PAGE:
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How to create a successful business with no competition

The recipe is simple. Get to know yourself.

And that is not easy.

In human relations, a person’s lack of authenticity is considered bad faith in dealing with other people and with one’s self; thus, authenticity is in the instruction of the Oracle of Delphi: “Know thyself.” [1]

If you know thyself to be such-and-such a kind of person, this limits your freedom considerably. You might have been the one who chose to be an espresso person or a donating-to-charity person but, once these features are built into your self-image, you have very little say in what direction your life is going. Any change would be either censored or lead to cognitive dissonance. [2]

“Nothing limits intelligence more than ignorance; nothing fosters ignorance more than one’s own opinions; nothing strengthens opinions more than refusing to look at reality.”

Sheri S. Tepper

Nothing is easier than self-deceit.

If history has proven anything, it reveals that human beings are usually wrong about their beliefs. A lot of people have believed a lot of things that turned out to be wrong. Although we are highly adept at creating worldviews we are incredibly less adept at realizing that we have made them. And we are even less adept at realizing that we’re clinging to them.

Beliefs don’t change facts, but facts should change beliefs. The problem is that our conclusions about our beliefs are almost always exculpatory, even in the face of historic fallibility. The funny thing is: we know we are a fallible species. We know we are prone to make mistakes. It’s just excruciatingly difficult to admit to it, especially to each other. What we need then is a ruthless but effective method of questioning our perception of reality.

Most of what we think is true is actually confabulation, fabricated memory believed to be true. Confabulations are not true, but the brain doesn’t know that. All it knows is the cultural narrative. This narrative bias, supported by the conjunction fallacy, leads to confabulation.

And what is the greatest confabulation of all?

Our sense of self.

It’s just a story, like all the other stories that we tell ourselves: a jumble of assumptions that come together to distinguish this from that, you from other – an internal locus of control created by our narrative bias. Like George Miller wrote, “You don’t experience thinking; you experience the result of thinking.” But cognitive dissonance will almost always prevail, unless we have the perspicuity and inner courage to question our beliefs to the nth degree.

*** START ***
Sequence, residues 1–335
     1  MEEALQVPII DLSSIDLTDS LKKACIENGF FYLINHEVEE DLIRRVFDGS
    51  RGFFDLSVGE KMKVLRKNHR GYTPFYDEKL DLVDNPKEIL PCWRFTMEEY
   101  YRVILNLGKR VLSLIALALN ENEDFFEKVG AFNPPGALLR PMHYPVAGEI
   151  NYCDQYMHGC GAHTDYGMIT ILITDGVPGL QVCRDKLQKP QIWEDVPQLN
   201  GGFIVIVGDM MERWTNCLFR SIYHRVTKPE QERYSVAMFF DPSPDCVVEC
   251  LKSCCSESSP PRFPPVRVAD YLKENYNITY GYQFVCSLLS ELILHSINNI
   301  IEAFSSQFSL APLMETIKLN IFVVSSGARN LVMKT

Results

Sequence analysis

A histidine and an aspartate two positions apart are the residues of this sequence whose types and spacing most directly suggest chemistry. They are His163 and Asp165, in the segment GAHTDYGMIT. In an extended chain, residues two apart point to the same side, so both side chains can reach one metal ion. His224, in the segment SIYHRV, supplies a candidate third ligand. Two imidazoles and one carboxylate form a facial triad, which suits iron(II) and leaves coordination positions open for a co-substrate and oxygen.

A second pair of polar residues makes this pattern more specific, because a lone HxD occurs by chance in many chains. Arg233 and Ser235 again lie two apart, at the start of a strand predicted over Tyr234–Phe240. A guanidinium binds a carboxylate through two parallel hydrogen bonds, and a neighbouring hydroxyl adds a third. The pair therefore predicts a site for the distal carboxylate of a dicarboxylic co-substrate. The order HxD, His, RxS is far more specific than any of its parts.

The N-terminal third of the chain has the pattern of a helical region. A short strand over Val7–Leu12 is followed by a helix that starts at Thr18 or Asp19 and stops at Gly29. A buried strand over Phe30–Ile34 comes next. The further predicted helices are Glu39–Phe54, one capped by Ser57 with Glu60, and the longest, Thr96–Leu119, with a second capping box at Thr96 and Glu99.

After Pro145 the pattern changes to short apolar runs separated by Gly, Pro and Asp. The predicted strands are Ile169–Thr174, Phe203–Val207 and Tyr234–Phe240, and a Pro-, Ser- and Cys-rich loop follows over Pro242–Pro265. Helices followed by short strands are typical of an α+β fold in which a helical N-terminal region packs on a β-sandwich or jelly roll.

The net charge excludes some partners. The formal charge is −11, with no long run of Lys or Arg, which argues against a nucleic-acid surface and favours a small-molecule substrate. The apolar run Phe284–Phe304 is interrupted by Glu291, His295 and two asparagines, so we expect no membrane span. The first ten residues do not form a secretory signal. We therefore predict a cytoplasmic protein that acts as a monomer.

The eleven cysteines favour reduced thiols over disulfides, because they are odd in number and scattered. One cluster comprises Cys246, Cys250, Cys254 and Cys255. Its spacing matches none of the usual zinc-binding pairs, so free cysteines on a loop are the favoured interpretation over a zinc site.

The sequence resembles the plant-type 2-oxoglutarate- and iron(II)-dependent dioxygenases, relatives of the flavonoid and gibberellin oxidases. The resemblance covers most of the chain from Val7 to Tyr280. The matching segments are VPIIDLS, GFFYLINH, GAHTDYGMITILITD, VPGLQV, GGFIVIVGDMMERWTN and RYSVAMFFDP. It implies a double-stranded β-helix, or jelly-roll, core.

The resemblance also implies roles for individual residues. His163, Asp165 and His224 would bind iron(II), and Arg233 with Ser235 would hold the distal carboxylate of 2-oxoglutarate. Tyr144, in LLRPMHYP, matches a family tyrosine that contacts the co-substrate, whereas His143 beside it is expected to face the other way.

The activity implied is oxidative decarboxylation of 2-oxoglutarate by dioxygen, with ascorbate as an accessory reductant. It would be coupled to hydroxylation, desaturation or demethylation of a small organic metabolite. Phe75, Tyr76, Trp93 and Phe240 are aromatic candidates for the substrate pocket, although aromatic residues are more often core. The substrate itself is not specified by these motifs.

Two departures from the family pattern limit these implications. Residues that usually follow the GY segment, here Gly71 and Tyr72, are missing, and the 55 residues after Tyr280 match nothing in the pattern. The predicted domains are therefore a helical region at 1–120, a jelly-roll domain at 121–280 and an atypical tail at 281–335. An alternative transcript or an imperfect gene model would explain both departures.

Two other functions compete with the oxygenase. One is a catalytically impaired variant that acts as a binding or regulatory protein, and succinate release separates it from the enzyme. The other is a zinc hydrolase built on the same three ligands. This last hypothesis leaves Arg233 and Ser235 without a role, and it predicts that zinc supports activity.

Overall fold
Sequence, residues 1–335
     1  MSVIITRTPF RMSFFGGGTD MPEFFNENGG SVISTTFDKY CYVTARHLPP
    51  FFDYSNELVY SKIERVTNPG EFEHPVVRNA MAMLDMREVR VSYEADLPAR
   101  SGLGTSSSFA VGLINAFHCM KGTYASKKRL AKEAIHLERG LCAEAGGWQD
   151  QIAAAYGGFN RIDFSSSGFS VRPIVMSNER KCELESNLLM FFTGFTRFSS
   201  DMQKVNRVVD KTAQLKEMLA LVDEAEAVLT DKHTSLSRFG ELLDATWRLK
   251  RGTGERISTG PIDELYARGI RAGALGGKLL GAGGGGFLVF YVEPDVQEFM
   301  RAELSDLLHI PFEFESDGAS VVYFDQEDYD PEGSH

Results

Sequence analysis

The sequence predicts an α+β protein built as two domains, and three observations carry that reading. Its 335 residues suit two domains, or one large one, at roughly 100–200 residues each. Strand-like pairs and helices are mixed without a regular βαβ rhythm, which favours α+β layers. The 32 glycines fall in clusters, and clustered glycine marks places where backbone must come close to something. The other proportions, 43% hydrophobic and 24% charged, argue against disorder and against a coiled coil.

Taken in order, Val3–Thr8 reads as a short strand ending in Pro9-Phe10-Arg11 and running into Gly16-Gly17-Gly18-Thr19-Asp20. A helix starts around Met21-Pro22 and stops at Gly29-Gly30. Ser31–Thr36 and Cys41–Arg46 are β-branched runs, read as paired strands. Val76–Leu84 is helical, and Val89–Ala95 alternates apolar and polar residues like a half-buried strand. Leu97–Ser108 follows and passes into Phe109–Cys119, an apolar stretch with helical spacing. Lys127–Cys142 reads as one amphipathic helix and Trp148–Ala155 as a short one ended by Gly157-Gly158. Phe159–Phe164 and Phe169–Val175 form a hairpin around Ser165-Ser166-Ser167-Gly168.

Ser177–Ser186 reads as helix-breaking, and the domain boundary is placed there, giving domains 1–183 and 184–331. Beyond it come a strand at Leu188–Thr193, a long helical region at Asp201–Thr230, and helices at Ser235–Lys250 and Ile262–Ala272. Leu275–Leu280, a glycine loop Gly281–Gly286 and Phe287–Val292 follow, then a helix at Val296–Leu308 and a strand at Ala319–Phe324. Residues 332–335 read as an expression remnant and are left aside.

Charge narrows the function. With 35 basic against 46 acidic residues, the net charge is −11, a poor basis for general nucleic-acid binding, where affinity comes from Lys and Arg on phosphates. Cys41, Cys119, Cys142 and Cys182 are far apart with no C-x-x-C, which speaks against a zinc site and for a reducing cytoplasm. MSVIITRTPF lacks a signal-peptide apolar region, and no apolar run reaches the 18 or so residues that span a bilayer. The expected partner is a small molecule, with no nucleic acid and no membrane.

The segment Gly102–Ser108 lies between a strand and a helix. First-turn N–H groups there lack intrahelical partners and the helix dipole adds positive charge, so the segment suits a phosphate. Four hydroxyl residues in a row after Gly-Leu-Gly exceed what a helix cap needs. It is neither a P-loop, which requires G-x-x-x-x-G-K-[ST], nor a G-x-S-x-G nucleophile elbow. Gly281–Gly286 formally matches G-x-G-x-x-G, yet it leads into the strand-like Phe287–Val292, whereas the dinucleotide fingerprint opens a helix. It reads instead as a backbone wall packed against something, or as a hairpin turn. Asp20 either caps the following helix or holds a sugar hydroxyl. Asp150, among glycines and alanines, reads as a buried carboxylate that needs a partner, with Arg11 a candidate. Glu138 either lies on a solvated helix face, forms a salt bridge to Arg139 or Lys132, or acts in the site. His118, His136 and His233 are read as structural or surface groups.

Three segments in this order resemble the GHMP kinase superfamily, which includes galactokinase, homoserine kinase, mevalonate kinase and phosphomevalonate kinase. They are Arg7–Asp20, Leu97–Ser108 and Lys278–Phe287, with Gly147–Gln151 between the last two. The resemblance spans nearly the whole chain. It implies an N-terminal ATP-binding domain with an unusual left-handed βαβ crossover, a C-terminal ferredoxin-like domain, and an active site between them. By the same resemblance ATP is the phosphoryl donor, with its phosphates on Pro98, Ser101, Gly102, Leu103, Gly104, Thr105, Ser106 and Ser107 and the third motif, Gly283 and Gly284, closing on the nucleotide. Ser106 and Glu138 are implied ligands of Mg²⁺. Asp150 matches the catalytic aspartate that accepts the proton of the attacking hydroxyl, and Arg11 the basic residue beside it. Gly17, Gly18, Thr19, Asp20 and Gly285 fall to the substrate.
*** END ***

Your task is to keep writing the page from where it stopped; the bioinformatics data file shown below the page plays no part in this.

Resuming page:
You might have heard of Plato’s “Allegory of the Cave” – a concept devised by the philosopher to ruminate on the nature of belief versus knowledge.

Plato talks about the tiresome and challenging journey of how one achieves real truth not second hand truth, which the prisoners perceive is real. In this text the most significant ideas of Plato’s allegory is the idea of self- actualization and real truth. Plato states many examples to show that the people trapped are living in a false reality, and that they are closed minded. [3]

“It is just as difficult and dangerous to try to free people that want to remain servile, as it is to enslave people that want to remain free.”

Niccolo Machiavelli

There is freedom when you’re leading from a place of self knowledge. [4]

The secret may have to do with what Japanese call ikigai. Ikigai is a concept referring to something that gives a person a sense of purpose, a reason for living. [5]

When you get clear about what you love to do and what you’re good at, and you find the overlap with what the world needs and what you can be paid to do, you’ve found your sense of purpose — you’ve found your ikigai.

It is equally important to know your values, behaviours, limits and strengths in order to be able to influence a group of people.

So how does all this relate to business?

Blue ocean strategy for example, that was developed by Renée Mauborgne and W. Chan Kim, is the simultaneous pursuit of differentiation and low cost to open up a new market space and create new demand. [6]

It is about creating and capturing uncontested market space, thereby making the competition irrelevant. It is based on the view that market boundaries and industry structure are not a given and can be reconstructed by the actions and beliefs of industry players. [7]

As Naval Ravikant put it: “Escape competition through authenticity.” Basically, when you’re competing with people, it’s because you’re copying them. It’s because you’re trying to do the same thing. But every human is different. Don’t copy. [8]

If you are fundamentally building and marketing something that is an extension of who you are, no one can compete with you on that. Who’s going to compete with Joe Rogan or Scott Adams? It’s impossible. Is somebody else going to come along and write a better Dilbert? No. Is someone going to compete with Bill Watterson and create a better Calvin and Hobbes? No. They’re being authentic. [9]